How do you arrive at your definitions?
The Arneson Method’s mechanical behavior science engenders a mechanical language that identifies specific types of behavior involved in every situation. Thus equipped, one naturally seeks clarity amidst abstraction and ambiguity.
For example, one might ask, “What is medicine?” The average dictionary definition replies, “The science or practice of the diagnosis, treatment, and prevention of disease.” Mechanically speaking, these are things that medicine does, but not what medicine is. Exactly what behavior is happening when medicine is conducted? Diagnosis is a component of proper treatment; the word “diagnosis” is not needed in this definition. “Treatment” and “prevention” both refer to a distinct type of attention given to the organism. But what? In every case, it is the body that heals or avoids the problem, not medicine; medicine merely supports healing. Medicine is behavior that supports healing.
What is “mind/body medicine” in the absence of “disease” specified by the definition above? Without disease, some would say that mind/body medicine cannot be medicine. In fact, some assert that the mind is superfluous when treating biological problems. As the placebo effect demonstrates, the “mind” can certainly support biological healing. We need an encompassing definition of medicine that accommodates every scenario in which healing is supported—beyond treating disease with strictly biological remedies.
Every body system performs both healing and daily metabolism. When medicine is administered, the healing aspect of the system is roused and supported. Medicine is thereby neatly distinguished from other behaviors that sustain life, e.g. daily diet and exercise. Also, when medicine is administered, we select target systems for support—those directly affected by the chosen form of support, a.k.a. procedures. Then, target systems serve other systems.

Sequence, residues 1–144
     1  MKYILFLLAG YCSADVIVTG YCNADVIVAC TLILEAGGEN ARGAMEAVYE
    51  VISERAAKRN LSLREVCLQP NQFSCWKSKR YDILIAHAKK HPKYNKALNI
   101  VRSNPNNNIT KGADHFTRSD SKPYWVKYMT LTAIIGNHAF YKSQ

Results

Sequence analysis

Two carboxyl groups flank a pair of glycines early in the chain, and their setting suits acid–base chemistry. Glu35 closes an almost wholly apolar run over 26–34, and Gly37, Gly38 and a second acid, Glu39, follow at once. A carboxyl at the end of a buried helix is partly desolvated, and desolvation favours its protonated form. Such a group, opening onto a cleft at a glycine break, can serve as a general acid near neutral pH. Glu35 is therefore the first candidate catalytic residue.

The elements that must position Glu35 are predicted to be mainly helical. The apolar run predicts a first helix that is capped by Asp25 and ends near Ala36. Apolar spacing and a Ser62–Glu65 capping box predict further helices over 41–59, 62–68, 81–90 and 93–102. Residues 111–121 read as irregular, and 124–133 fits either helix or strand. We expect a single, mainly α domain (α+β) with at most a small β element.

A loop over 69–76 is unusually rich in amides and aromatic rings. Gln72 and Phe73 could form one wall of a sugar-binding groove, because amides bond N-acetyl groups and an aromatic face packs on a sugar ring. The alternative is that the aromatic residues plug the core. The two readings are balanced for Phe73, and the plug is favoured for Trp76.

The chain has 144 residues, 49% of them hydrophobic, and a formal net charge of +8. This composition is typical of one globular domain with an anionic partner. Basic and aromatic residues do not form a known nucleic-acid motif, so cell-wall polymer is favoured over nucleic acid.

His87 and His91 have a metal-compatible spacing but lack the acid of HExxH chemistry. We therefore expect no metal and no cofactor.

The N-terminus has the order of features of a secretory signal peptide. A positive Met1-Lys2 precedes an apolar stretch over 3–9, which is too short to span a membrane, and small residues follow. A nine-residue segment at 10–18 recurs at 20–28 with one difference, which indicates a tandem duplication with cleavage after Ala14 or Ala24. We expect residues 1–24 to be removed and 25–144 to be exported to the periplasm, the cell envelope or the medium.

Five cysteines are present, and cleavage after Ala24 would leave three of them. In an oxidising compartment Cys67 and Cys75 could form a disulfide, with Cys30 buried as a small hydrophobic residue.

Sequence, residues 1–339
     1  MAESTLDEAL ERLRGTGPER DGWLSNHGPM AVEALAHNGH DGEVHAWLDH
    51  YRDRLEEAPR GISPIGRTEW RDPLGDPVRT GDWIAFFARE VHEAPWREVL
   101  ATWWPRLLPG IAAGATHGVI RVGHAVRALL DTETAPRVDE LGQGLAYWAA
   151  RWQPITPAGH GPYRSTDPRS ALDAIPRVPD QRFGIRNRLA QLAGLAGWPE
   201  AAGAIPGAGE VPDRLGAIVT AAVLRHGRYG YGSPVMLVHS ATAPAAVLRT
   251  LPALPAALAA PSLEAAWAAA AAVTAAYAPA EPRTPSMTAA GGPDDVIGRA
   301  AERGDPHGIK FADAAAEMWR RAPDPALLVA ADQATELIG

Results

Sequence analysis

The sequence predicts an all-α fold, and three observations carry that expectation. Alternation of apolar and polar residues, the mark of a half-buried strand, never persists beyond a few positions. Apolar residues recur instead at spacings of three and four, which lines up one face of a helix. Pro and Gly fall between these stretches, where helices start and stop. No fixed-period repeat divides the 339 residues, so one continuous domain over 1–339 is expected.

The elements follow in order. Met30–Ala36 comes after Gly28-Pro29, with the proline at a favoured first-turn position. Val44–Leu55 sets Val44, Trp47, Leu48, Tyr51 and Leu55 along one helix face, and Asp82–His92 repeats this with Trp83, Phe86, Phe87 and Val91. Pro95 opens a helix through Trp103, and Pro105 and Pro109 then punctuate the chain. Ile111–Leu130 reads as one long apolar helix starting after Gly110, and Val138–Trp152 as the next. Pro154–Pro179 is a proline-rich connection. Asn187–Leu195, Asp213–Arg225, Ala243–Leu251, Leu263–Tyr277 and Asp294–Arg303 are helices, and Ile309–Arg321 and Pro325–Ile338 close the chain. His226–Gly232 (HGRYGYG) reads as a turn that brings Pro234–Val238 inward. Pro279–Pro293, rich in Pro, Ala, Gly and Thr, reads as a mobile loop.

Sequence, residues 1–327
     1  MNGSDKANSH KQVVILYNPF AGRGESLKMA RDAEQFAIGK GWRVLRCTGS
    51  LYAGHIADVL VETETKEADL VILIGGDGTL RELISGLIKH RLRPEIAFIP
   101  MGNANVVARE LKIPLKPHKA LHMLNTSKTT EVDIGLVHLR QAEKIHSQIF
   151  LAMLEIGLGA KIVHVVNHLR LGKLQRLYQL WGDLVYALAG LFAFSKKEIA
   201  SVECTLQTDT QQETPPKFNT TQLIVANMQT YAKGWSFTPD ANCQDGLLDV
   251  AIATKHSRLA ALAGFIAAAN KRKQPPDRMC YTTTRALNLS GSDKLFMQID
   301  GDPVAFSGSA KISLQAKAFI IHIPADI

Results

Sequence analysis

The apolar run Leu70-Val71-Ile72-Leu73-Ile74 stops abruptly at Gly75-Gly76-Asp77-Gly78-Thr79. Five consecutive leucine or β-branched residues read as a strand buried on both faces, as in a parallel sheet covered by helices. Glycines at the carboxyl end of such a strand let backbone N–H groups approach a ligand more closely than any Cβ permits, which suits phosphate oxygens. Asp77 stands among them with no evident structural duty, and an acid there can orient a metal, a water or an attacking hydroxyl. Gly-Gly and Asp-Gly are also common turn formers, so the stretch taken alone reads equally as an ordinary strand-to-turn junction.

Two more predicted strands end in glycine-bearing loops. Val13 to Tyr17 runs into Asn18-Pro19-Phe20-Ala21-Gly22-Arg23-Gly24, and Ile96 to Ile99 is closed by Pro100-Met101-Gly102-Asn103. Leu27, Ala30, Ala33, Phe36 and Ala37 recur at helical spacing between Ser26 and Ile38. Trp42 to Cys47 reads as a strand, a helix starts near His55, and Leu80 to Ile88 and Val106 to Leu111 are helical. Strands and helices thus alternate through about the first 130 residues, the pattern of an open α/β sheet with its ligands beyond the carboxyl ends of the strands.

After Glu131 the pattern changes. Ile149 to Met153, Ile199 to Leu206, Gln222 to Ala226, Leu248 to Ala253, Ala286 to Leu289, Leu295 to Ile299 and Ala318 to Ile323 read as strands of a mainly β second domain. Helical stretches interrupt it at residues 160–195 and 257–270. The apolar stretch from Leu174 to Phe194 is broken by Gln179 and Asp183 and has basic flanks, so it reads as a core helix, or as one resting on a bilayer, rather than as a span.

On the other hand, many medical procedures entail substances or devices in addition to behavior. Therefore, a complete definition of medicine must include all details of procedure that support healing.
Thus, we arrive at Arneson’s universal definition that 1) encompasses every act and form of medicine, and 2) describes distinctive behavior involved in every case: Medicine is support for the healing capacity of target body systems. This definition prepares us to fairly assess any procedure purported to offer medical benefit. For example, when faced with a mysterious or confusing method, such as the Arneson Method, one can follow the logic to understand how it works. The method must target at least one body system. In this case, the method directly targets the behavior system, which then serves the autonomic nervous system and perhaps every other system. Likewise, the mechanics of every behavior-oriented method can be concretely grasped, including mind/body techniques, psychotherapy, and body therapies. In other words, every procedure that supports healing (both biological and behavioral) can be rightfully categorized as a form of medicine, despite the dogma of old school physicians.
Many definitions—referring to behavior—tell us what something does, as opposed to what it is. One would not define “water” as the stuff that comes out of the faucet when you turn the knob. There is a more technical, mechanical definition of water. Uncovering the essence of a thing affords a far more sophisticated perspective. Mechanical behavior language is a tool that supports the intellect.